A social worker who had first met the family in 2000 at the time had revealed that she tried to unsuccessfully follow up with the Radita’s for about a month after they had missed a January 2009 doctor’s appointment. During a trial, another social worker had testified and revealed that she found out that the boy had been withdrawn from his last elementary school, near Vancouver, the previous September. There were no records of Alex having received medical exams or services while in Alberta, however, prescription records showed thousands of dollars of diabetes-related drugs and equipment such as insulin, syringes, and test strips, purchased between 2009 and 2012. In January 2013, just a few months before the boy’s death, the family posted a photo of the boy at his 15th birthday party, which showed him with sunken eyes and a mysterious blotch on his forehead. But what happened that caused the boy to lose his life? Read on to find out.
It was a little more than a decade after the first social-services interaction with the family when on May 7th, 2013, 15-year-old Alexandru Radita passed away in his family’s home in Calgary, Alberta, bedridden and emaciated. According to reports, the boy had weighed less than 37 pounds at the time of his death, and the emergency workers who attended the boy detailed the disturbing scene they saw. According to the reports, the boy was so thin that he appeared ‘mummified’, his face had no visible flesh left as she could see every bone in his face. The boy had black, necrotic sores on his face and his left jaw had open sores so deep that the paramedic could see his jaw bone. The autopsy had revealed that the cause of death was bacterial sepsis, which was brought on by starvation and neglect.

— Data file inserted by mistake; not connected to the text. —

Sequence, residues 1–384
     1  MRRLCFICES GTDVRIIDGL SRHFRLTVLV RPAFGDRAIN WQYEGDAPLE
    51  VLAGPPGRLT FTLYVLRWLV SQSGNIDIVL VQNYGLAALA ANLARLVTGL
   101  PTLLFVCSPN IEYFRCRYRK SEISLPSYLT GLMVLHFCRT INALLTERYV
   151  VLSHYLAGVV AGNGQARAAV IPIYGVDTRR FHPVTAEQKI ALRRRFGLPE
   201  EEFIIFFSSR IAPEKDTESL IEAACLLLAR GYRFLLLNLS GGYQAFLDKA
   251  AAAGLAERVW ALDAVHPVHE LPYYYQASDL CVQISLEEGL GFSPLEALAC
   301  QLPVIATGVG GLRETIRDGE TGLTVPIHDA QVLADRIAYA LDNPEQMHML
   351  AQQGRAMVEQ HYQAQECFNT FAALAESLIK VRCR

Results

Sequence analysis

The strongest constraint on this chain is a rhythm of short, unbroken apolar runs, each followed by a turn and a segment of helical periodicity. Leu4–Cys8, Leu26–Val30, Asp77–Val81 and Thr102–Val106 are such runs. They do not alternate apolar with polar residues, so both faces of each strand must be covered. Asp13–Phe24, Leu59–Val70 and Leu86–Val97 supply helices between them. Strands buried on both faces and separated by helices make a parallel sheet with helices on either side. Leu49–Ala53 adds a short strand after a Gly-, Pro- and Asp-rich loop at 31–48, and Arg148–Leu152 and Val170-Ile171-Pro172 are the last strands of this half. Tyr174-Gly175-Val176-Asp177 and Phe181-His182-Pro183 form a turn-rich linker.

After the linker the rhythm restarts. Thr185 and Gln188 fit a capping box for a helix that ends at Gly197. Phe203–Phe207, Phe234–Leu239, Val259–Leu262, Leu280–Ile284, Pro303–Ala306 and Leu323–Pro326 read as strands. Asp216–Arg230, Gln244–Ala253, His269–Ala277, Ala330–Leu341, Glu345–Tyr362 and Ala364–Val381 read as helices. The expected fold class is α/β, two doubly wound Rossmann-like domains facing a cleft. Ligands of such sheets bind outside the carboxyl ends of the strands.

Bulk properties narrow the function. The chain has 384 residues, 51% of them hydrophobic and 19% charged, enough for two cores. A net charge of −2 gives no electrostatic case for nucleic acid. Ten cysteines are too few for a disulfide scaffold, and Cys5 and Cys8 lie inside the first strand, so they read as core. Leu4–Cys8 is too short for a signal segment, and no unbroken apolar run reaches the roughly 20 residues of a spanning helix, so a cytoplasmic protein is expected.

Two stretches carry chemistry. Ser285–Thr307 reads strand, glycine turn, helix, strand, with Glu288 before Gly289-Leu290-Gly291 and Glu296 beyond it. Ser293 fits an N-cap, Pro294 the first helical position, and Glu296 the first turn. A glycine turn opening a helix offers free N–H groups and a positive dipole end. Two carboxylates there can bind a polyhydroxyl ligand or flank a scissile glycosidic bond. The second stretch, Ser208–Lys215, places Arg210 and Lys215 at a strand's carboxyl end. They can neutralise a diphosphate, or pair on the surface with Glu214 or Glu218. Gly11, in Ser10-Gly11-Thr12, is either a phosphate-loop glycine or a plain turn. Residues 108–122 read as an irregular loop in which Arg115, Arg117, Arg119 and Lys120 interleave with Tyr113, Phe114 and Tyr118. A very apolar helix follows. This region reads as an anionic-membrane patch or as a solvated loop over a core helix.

Alexandru’s parents were arrested in early 2014 and were charged with the murder of their son. An investigator into the boy’s death spoke in court against them and said that the parents had left for church around 6 pm and they came home at around 8 pm and it was around then that his father said that their son wasn’t breathing. But instead of calling the emergency services, they had spent the next two hours praying before finally calling EMS. During the court case, it was also revealed that on the night of Alex’s death, about half-dozen people from the Radita’s church visited their family home. Nicolae Brancu, a Romanian Apostolic Church pastor who testified in court revealed that upon arrival they went straight to the 15-year-old’s bedroom where Alex lay and he knew immediately that he was dead. As he recalled, Mrs. Radita was lying beside him on the bed and touching him, and he told her to call an ambulance but the father did that only after speaking to his family first. It also came to light that as EMS workers arrived, they found the group chanting in the living room.
The Court Case
During the trial, one of the boy’s seven siblings had testified and revealed that their mother was particularly fond of Alex. According to CBC News reporting on the court case when the sister was asked if her parents didn’t believe in doctors because of their religion, she said yes, and then when asked if when her brother got sick he never went to see a doctor, she once again said yes. As per The Canadian Press, Judge Karen Horner had said the parents intended to and did isolate their son from anyone who could intervene or monitor his insulin treatment aside from themselves. Speaking candidly, she also said, “His physical condition at death was not sudden or quick occurrence but rather took place over months and possibly, probably years.”
The Radita’s Sentencing
In the end, both Emil and Rodica Radita, parents of the boy were convicted of first-degree murder. During their sentencing, the press had commented on how the parents had shown no emotion as the judge Karen Horner sentenced them both to life in prison with no chance of parole for 25 years. After the trial, Alexandru’s social worker Patricia MacDonald was fighting back tears, calling the verdict “justice for Alex”. Speaking with the press she said, “He went through a horrendous, horrible ending to his life and I’m glad to see his parents being held accountable.” According to CBC News, MacDonald now hopes that she can work with Canadian lawmakers to create an ‘Alex Alert’ system, similar to ‘Amber Alerts’, so that others might not suffer the same way that the 15-year-old did.